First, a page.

--John C Goodman, MSOD, LCSW President/CEO Online DiSC Profile and Center for Internal Change, Inc. provider consultant and distributor of Inscape Publishing DiSC.

    Sunday, November 14, 2010

    DISC Styles Of Famous People

    We are often asked for a list of the DISC personality styles of famous people.  Below you will find some lists that I have come across over time.

    The "D" DISC Personality Style or Dominance:
    • Donald Trump
    • David Letterman
    • Hilary Clinton
    • Robert DeNiro
    • Michael Jordan
    • Scarlett O'Hara
    • Jerry Seinfeld
    • Barbara Walters
    • General Patton
    • Margaret Thatcher
    • Tiger Woods  
    • Jack Nicklaus (considered a "C" on one list)
    • Cher 
    • Charles Barkley
    • Roseanne Arnold
    • John McEnroe
    • Sam Donaldson

    The "I" DISC type or Influence:
    • Jay Leno
    • Bill Clinton
    • Andre Agassi
    • Tony Danza
    • Richard Pryor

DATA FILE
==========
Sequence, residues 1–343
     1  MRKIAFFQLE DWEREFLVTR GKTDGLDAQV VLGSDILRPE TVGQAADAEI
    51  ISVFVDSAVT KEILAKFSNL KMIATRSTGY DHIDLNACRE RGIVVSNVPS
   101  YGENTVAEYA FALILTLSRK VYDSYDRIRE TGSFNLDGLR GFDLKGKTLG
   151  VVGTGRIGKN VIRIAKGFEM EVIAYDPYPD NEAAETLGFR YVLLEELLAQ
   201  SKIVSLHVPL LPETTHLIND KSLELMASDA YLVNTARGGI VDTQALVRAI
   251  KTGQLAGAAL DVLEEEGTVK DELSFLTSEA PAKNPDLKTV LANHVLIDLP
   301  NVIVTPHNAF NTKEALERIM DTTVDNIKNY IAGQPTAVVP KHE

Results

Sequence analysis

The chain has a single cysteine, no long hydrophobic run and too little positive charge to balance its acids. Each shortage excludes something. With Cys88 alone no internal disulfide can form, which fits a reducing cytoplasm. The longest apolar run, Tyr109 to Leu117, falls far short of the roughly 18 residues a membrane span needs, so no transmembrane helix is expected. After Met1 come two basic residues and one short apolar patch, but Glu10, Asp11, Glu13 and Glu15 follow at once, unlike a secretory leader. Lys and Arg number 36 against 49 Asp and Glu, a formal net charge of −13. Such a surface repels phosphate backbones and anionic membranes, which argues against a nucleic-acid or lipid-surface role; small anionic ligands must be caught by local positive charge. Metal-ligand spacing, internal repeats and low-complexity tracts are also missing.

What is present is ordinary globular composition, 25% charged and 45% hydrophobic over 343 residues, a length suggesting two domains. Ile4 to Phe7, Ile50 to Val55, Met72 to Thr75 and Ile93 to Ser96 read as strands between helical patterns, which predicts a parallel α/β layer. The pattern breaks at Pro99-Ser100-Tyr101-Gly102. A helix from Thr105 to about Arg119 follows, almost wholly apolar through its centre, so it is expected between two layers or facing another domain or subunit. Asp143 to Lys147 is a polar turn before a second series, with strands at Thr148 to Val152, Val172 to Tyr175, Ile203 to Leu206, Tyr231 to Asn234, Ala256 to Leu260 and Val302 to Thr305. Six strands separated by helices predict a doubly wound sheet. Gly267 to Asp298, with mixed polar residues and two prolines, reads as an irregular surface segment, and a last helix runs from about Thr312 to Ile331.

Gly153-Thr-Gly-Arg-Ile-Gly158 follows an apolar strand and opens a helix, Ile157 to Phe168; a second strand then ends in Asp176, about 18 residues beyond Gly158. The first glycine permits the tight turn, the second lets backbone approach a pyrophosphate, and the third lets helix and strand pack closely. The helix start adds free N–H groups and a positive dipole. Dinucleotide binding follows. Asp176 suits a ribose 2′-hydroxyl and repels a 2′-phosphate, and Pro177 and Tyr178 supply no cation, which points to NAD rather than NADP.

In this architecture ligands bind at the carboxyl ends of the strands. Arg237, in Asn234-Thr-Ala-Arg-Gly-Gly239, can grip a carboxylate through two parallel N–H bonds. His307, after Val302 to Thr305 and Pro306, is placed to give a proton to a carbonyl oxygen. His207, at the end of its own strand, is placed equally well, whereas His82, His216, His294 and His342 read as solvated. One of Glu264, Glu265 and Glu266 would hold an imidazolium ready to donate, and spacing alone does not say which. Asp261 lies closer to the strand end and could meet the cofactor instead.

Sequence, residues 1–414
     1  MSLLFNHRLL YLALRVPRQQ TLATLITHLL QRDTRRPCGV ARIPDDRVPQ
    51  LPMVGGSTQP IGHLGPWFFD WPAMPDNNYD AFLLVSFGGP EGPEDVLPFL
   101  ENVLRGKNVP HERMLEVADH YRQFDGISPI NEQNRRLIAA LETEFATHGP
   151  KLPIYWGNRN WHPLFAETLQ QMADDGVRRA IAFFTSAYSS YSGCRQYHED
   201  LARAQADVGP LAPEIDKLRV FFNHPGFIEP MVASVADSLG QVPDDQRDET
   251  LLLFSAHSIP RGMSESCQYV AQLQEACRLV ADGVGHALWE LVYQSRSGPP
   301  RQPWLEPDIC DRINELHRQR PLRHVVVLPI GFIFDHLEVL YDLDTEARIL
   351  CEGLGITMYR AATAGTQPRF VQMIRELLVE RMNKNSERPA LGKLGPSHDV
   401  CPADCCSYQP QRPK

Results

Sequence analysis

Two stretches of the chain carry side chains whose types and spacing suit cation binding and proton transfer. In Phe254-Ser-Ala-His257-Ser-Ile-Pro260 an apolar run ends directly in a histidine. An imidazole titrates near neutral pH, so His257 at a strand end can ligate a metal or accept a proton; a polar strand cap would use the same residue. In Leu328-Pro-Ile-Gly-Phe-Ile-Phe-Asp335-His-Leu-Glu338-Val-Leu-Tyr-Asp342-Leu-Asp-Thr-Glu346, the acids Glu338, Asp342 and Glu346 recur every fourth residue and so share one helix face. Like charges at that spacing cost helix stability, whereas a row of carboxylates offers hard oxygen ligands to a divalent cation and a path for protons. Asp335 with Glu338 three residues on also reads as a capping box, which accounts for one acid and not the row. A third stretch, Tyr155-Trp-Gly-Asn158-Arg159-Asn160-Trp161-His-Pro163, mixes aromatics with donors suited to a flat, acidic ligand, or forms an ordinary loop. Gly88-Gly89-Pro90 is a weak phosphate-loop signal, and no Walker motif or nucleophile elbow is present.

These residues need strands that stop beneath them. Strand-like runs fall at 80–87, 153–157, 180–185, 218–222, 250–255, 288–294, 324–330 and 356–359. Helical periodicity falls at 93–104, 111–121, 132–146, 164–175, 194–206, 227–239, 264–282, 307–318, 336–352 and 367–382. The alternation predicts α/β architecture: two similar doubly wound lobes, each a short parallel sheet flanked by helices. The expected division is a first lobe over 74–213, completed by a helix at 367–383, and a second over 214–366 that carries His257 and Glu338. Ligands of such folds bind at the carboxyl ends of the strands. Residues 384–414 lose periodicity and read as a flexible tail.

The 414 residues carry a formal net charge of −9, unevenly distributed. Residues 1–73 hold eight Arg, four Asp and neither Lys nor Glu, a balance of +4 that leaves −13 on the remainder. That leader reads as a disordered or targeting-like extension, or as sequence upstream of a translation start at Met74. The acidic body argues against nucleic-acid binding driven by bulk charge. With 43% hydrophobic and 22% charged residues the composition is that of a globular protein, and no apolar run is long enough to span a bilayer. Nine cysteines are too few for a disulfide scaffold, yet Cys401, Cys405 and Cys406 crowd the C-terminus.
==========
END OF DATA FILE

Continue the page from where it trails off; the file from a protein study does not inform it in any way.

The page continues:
• Will Smith
    • Robin Williams
    • Oprah Winfrey
    • Carol Burnette
    • Steve Martin
    • Lee Trevino
    • Peter Jacobson
    • Liza Minnelli
    • Dolly Parton

    The "S" DISC style or Steadiness:
    • Charlie Brown
    • Barbara Bush
    • Jimmy Carter (he also has been considered a "C" on some lists)
    • Ted Danson
    • John Denver
    • Michael J Fox
    • Mother Teresa
    • Gandhi
    • Jimmy Stewart
    • Tom Kite
    • Mark O'Meara
    • Mr. Rogers

    The "C" DISC personality type or Conscientiousness:
    • Tom Brokaw
    • Colombo
    • Kevin Costner
    • Bill Gates
    • Allen Greenspan
    • Diane Sawyer
    • Henry Kissinger
    • Albert Einstein
    • Jackie Kennedy Onassis
    • Vijay Singh
    • Ernie Els 

    Here is a list for some TV Shows and the charactors DISC personality type:

    • "Drew Carey Show" - Drew (S), Mimi (I), Mr. Wick (D), Lewis & Oswald (C)
    • "Frasier" - Frasier(I), Niles (C), Dad (D), Daphne (S)
    • "Seinfeld" - Jerry (D), Kramer (S), Elaine (I), George(C)
    • "I Love Lucy" - Ricky (D), Lucy (I), Ethel (S), Fred (C)
    This list of some famous people and characters is not scientific, but rather observational and subject, so please take it for what it is worth. Learn more about DiSC and the DiSC Profile.

    John C Goodman, MSOD, LCSW

    Monday, July 12, 2010

    Why Does DiSC Have A Small "i"?

    disc 

    Why Does DiSC Have A Small "i"?